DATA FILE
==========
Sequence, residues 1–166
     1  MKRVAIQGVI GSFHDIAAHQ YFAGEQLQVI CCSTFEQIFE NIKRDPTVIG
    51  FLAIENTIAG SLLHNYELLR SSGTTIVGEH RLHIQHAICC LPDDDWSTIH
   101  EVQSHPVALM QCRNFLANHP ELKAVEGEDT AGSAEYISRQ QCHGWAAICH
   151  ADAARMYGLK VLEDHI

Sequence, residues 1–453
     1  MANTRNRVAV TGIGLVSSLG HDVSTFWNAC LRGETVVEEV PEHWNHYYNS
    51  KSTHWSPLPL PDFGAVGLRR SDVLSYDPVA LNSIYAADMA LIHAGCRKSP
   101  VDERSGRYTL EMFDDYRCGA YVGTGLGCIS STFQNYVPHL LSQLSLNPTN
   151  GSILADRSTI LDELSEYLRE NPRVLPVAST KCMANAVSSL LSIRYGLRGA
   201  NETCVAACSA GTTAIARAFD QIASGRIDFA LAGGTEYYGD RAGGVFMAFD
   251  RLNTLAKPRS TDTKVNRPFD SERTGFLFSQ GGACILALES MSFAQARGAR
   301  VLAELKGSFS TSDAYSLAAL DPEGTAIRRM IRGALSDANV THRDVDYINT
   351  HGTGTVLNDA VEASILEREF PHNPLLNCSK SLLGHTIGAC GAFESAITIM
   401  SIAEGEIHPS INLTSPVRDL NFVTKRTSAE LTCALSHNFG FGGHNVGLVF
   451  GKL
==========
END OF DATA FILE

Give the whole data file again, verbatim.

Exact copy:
Sequence, residues 1–166
     1  MKRVAIQGVI GSFHDIAAHQ YFAGEQLQVI CCSTFEQIFE NIKRDPTVIG
    51  FLAIENTIAG SLLHNYELLR SSGTTIVGEH RLHIQHAICC LPDDDWSTIH
   101  EVQSHPVALM QCRNFLANHP ELKAVEGEDT AGSAEYISRQ QCHGWAAICH
   151  ADAARMYGLK VLEDHI

Sequence, residues 1–453
     1  MANTRNRVAV TGIGLVSSLG HDVSTFWNAC LRGETVVEEV PEHWNHYYNS
    51  KSTHWSPLPL PDFGAVGLRR SDVLSYDPVA LNSIYAADMA LIHAGCRKSP
   101  VDERSGRYTL EMFDDYRCGA YVGTGLGCIS STFQNYVPHL LSQLSLNPTN
   151  GSILADRSTI LDELSEYLRE NPRVLPVAST KCMANAVSSL LSIRYGLRGA
   201  NETCVAACSA GTTAIARAFD QIASGRIDFA LAGGTEYYGD RAGGVFMAFD
   251  RLNTLAKPRS TDTKVNRPFD SERTGFLFSQ GGACILALES MSFAQARGAR
   301  VLAELKGSFS TSDAYSLAAL DPEGTAIRRM IRGALSDANV THRDVDYINT
   351  HGTGTVLNDA VEASILEREF PHNPLLNCSK SLLGHTIGAC GAFESAITIM
   401  SIAEGEIHPS INLTSPVRDL NFVTKRTSAE LTCALSHNFG FGGHNVGLVF
   451  GKL